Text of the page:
To my knowledge, only one story regarding the ongoing Wall Street protests appeared last week in The New York Times, and it was the sort of snarky, condescending dispatch you might expect from a Republican legislative staffer, not from a reporter for a daily. Here’s Ginia Bellafante’s lead paragraph:
By late morning on Wednesday, Occupy Wall Street, a noble but fractured and airy movement of rightly frustrated young people, had a default ambassador in a half-naked woman who called herself Zuni Tikka. A blonde with a marked likeness to Joni Mitchell and a seemingly even stronger wish to burrow through the space-time continuum and hunker down in 1968, Ms. Tikka had taken off all but her cotton underwear and was dancing on the north side of Zuccotti Park, facing Liberty Street, just west of Broadway. Tourists stopped to take pictures; cops smiled, and the insidiously favorable tax treatment of private equity and hedge-fund managers was looking as though it would endure.
Bellafante’s account is sketchy, to put it mildly. Throughout the Sept. 23 piece, she describes the crowds in the park and in the marches as smaller than the participants reported and dwindling by the day. She quotes a few random goofballs instead of the many knowledgeable people on the scene who could have articulated the protesters’ grievances. She assures us that those involved in this first real sign of a backlash against the Wall Street crooks who crashed the economy are practitioners of “pantomime progressivism.”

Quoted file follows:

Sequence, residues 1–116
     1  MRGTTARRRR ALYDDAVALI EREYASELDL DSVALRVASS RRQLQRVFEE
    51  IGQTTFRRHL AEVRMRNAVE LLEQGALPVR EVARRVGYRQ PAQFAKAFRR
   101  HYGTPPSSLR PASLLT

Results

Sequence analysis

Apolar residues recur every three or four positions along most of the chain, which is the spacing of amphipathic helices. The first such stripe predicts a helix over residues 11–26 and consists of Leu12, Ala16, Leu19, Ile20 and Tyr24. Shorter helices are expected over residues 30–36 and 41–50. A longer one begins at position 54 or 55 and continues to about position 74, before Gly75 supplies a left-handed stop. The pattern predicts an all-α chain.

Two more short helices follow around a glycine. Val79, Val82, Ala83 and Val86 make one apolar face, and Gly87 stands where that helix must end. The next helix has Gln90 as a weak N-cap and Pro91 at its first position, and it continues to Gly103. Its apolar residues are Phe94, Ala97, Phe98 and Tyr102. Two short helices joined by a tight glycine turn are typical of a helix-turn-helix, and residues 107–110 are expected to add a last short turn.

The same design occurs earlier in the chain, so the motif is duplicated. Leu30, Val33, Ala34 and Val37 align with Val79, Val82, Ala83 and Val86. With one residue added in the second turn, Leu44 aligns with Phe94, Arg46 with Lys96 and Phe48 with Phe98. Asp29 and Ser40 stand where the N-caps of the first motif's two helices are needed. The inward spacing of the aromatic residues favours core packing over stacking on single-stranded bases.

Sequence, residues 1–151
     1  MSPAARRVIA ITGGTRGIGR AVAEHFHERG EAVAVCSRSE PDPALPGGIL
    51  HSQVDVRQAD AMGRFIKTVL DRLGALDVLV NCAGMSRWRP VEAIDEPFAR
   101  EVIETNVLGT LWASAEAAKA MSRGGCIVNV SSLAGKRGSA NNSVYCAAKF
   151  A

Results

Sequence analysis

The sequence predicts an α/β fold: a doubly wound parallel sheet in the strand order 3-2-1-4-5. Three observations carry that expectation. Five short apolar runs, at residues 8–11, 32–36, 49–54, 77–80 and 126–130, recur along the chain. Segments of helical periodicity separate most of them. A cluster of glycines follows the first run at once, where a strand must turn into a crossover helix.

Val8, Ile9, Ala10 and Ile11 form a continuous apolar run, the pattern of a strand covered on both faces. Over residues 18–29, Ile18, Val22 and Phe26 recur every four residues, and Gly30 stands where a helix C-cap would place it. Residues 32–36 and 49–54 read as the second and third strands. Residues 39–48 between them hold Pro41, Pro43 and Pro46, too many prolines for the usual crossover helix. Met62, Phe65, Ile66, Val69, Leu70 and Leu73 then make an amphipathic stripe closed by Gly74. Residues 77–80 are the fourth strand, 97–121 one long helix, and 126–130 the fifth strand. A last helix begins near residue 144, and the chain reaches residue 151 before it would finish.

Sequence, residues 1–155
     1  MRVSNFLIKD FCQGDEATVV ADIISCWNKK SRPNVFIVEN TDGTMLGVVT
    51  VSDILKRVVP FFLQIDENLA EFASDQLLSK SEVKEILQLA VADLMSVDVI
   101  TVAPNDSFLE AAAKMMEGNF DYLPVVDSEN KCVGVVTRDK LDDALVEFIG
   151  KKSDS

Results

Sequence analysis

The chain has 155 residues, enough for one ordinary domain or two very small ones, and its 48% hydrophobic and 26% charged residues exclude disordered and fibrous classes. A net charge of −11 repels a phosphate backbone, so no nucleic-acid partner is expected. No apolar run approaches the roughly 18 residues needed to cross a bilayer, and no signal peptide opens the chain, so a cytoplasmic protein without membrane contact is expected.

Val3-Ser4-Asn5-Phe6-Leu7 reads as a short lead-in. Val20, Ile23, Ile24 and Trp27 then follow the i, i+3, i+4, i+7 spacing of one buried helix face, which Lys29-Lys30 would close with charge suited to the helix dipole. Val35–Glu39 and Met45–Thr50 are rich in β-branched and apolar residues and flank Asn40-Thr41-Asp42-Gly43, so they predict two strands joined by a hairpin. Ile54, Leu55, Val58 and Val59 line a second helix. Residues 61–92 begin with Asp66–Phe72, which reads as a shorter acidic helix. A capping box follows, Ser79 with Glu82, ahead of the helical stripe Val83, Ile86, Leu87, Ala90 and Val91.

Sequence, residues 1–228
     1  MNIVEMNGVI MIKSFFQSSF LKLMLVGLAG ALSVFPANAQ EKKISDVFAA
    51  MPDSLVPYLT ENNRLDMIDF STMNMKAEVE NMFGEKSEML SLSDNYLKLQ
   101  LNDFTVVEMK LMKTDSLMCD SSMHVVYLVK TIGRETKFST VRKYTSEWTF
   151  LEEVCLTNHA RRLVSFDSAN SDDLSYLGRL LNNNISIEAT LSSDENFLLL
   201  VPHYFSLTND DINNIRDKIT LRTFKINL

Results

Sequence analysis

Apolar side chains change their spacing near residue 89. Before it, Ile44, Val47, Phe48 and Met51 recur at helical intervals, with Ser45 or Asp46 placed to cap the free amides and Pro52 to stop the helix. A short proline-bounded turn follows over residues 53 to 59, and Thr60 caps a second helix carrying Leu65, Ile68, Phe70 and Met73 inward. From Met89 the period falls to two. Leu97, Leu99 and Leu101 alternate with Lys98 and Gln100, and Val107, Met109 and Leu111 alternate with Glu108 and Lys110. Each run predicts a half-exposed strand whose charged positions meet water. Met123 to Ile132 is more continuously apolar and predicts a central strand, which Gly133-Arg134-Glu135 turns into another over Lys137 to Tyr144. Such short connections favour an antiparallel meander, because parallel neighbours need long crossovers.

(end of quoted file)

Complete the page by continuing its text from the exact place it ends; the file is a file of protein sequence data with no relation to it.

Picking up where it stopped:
Shades of Tom Wolfe, but without the wit or the sense of history. I couldn’t help wondering if Bellafante has ever been hungry or homeless, or even slept outdoors. If she was ever arrested and locked in a shitty smelling cell, or shot with Mace or pepper spray, or clubbed over the head, thrown to the ground and held in place by a cop pressing his boot to her face.
You know, the sorts of things that happened to those silly protesters after Bellafante went back to her desk in the comfortable Times building.
Maybe Bellafante should be reassigned to the fashion section, where she might do less harm. Not likely. I’ll bet she was high-fived by her way-cool colleagues for writing such a fashionably snide article.
Footnote: The above post corrects an earlier version that referred to Bellafante as a reporter. It turns out she’s a columnist, which means the Times ran no “hard news” stories last week about the protests.
FYI: Bellafante seems a good example of what Will Bunch referred to when he suggested mainstream reporters would rather file a negative story than seem “unsavvy” — i.e., in sympathy with causes or groups of people who are deemed uncool or out of fashion.